In April 1947, a former Wall Street banker. Admiral Lewis Strauss, became a member of the newly established Atomic Energy Commission. At the time, both General Leslie Groves and J. Robert Oppenheimer believed that the Soviets were still a decade away from nuclear success; Naval Intelligence estimated the earliest date for a Soviet nuclear weapon as 1952, five years hence. Nevertheless, just one week after Strauss's appointment, he asked Secretary of Defense James E. Forrestal if any measures had been taken for the long‐range detection (LRD) of a hypothetical Soviet atomic bomb test, and the one‐time banker was surprised by the answer: No. Although he had little scientific knowledge of atomic weapons effects, Strauss felt intuitively that the military could and should have such a detection capability. He therefore pressed his deep concern to the military. The Office of Naval Research responded immediately.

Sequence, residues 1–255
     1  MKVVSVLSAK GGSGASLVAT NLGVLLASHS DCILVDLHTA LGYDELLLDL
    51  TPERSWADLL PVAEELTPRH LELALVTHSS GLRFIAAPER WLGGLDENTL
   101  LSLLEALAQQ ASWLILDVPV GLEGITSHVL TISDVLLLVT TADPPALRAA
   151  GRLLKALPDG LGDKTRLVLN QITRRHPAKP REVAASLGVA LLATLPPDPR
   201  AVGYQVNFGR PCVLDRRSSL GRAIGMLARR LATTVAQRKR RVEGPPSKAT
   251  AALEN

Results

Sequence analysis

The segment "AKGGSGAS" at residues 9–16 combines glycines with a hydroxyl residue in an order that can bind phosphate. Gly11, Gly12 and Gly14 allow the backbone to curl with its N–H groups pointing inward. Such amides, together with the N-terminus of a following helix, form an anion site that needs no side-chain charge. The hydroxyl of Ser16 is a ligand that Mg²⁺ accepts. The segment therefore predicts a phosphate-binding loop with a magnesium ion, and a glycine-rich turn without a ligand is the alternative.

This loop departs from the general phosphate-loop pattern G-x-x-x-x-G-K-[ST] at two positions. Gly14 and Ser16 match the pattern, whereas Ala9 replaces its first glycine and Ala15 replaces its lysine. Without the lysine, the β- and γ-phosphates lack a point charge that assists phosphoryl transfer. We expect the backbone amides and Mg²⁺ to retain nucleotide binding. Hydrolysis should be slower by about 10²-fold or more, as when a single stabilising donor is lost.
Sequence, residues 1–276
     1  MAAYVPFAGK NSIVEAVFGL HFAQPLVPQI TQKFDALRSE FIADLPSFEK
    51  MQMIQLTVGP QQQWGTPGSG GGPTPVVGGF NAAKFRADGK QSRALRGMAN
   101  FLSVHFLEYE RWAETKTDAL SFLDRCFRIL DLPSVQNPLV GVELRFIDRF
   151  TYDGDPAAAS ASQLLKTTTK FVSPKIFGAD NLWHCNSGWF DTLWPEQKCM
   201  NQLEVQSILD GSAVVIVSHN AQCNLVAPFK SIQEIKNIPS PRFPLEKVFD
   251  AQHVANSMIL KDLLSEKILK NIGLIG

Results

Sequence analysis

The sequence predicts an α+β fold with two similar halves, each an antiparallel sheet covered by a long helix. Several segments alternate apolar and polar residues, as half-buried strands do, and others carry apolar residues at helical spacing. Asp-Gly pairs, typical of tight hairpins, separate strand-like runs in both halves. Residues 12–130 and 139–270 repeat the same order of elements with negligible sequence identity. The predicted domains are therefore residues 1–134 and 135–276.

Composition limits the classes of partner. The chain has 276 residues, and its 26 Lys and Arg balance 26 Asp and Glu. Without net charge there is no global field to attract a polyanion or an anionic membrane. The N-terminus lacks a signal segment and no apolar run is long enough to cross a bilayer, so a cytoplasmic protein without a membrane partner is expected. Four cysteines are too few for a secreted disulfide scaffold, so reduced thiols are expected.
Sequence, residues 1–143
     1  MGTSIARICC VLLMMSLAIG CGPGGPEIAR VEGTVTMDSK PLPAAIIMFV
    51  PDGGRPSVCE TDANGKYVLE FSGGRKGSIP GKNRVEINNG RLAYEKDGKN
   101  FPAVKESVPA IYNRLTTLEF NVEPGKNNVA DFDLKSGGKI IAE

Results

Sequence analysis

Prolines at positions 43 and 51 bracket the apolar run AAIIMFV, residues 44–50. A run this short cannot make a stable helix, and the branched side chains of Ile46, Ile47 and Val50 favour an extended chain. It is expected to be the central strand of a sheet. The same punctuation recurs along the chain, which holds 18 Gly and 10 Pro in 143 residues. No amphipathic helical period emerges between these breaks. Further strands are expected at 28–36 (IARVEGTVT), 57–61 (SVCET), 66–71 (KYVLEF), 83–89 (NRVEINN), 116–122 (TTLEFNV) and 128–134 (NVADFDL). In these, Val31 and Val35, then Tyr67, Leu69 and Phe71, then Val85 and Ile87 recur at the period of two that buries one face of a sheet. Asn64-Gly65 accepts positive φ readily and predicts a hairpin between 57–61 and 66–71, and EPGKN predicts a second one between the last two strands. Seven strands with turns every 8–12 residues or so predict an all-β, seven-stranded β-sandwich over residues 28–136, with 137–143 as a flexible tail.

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November 01 1996
Detecting the Soviet Bomb: Joe‐1 in a Rain Barrel
The Soviet Union made no announcement after its first atomic bomb test in 1949—but the US did. This is the hitherto untold story of how the secret was extracted from rainwater.
Luther B. Lockhart;
Physics Today 49 (11), 38–41 (1996);
Herbert Friedman, Luther B. Lockhart, Irving H. Blifford; Detecting the Soviet Bomb: Joe‐1 in a Rain Barrel. Physics Today 1 November 1996; 49 (11): 38–41. https://doi.org/10.1063/1.881547
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